With International Women’s Day coming up this Thursday, March 8th, it’s a good time to take a step back and to evaluate where the automotive industry stands regarding women in the workforce. At a time when women are inching closer to fifty-fifty representation in most fields, it is significant to note that women comprise only a fourth of the auto industry, with the bulk of that number being in sales positions, and smaller numbers in manufacturing and maintenance. Fewer climb the ranks to leadership positions. This International Women’s Day we need to ask why women are not flourishing in the car retail and service industry and how we can promote their inclusion.

Traditionally, cars have been considered a male-dominated area of interest and work. When asked to picture individuals involved at different levels of auto service, from mechanic to CEO, most immediately conjure up rugged male images. However, the truth is, women have been involved in all areas of car development and care for a long time. Women are responsible for various features found in modern cars: it was Florence Lawrence, a turn of the century actress, who developed a system that later evolved into brake lights and turn signals. Another woman, Mary Anderson invented windshield wipers.

Today, women continue to show themselves capable when it comes to auto design. Most are not aware that the Nissan 350Z, the Ford Probe, the Renault Scenic, the Volvo YCC, and the BMW Z4 were all designed by either a woman, a female team or a female-led team. Even the Queen of England had a career in the industry, serving as an army mechanic and truck driver during the Second World War. And with Mary Barra recently becoming Chief Executive Officer of General Motors, it is clear that there is little women can’t do in the automotive field.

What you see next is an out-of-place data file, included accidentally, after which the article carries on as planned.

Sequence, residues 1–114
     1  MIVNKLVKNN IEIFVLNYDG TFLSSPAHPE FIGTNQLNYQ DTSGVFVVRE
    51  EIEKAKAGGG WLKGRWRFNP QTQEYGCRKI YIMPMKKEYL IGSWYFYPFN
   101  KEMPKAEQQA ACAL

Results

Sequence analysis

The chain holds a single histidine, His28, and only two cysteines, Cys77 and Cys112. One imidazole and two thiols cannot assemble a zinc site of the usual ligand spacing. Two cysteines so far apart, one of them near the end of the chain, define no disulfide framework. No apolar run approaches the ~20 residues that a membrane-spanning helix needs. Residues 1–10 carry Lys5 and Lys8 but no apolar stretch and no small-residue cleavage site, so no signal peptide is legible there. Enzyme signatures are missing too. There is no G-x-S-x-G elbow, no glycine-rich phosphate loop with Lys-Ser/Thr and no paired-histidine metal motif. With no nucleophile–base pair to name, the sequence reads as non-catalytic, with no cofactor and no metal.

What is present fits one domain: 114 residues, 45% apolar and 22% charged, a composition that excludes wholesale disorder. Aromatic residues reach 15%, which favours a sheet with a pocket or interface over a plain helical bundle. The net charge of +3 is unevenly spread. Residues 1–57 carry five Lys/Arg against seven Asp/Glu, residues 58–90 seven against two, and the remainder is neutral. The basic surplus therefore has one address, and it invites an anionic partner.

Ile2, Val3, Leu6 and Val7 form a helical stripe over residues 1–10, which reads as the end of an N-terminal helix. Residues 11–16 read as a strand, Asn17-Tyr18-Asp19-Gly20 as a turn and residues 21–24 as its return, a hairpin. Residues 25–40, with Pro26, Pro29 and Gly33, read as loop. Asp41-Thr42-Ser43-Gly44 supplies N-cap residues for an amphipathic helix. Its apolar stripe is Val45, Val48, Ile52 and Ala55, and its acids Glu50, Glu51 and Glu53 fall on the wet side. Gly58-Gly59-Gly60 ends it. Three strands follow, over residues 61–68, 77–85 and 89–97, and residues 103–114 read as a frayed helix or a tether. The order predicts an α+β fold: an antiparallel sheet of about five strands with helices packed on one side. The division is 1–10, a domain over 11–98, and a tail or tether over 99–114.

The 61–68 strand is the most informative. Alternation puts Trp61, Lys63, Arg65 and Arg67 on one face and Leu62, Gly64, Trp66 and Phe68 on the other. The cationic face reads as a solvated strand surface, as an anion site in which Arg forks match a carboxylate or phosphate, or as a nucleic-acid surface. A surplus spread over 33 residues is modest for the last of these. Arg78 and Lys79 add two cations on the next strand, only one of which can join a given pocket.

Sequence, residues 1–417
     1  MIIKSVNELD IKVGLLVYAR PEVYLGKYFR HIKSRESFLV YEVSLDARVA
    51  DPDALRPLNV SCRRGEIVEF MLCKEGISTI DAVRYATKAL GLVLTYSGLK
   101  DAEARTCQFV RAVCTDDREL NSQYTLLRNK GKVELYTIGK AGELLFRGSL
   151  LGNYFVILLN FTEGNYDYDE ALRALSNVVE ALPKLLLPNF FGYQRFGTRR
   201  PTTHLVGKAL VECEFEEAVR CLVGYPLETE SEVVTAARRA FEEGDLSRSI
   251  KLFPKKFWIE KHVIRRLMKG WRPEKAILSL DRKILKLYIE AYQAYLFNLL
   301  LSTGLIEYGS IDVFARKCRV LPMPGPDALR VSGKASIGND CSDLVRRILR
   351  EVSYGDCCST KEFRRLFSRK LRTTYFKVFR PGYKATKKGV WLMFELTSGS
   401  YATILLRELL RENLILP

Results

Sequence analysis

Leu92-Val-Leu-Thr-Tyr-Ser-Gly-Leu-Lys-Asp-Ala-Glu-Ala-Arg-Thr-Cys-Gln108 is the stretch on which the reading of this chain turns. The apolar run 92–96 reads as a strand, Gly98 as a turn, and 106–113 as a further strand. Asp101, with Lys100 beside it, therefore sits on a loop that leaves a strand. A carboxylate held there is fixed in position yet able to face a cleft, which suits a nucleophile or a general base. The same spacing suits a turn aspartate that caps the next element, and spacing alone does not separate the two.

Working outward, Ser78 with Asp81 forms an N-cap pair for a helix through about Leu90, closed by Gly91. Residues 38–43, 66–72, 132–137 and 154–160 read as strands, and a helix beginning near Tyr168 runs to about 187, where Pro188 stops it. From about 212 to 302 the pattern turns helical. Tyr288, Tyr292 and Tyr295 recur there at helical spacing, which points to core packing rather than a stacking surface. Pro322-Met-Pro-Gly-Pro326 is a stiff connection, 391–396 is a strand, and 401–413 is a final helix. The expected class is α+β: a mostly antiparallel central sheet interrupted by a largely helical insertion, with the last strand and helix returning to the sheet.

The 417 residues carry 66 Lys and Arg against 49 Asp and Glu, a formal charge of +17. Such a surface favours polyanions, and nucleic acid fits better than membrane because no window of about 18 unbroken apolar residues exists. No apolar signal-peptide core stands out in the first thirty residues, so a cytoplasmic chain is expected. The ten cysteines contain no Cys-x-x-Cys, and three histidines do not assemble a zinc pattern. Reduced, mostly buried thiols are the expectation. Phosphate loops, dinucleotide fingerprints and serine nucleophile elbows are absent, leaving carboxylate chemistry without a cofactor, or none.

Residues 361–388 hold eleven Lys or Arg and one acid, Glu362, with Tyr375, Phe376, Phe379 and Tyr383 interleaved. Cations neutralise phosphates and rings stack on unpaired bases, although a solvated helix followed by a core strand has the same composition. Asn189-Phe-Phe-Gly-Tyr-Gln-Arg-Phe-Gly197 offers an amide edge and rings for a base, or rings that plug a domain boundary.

Yet the numbers show that women aren’t entering car retail and service in large numbers as they are other fields and that those who are in the industry are not easily advancing. This is concerning because women are valuable assets to the automotive workforce. In retail, women have shown themselves to be excellent communicators and negotiators, and in design, they often present a fresh, distinctive perspective. With roughly half of all drivers being women, having a women’s viewpoint in your workforce is a definite benefit.

So how can those within the industry promote female inclusion in their workforce? For one, recruitment can actively target women, letting them know that their presence is welcome. To do this, businesses should speak with existing female employees to find out what is working and not working for them, so that they can better improve the workplace to attract and retain women. Additionally, women who are already in the field should be encouraged to act as role models for newcomers in the industry, and individuals in managerial positions should facilitate these mentoring relationships. Women’s auto groups, such as Women in Automotive, can provide further information for businesses and employees on how to better advocate for and support women in the automotive industry.

Finally, one of the roadblocks many women in the auto industry report is that they feel as though male coworkers consider them to be outsiders who do not belong in the field. Companies can combat this by creating educational programs that highlight the achievements of women who have worked and contributed to the automotive industry. And there is no better time to do this than on March 8th, International Women’s Day.

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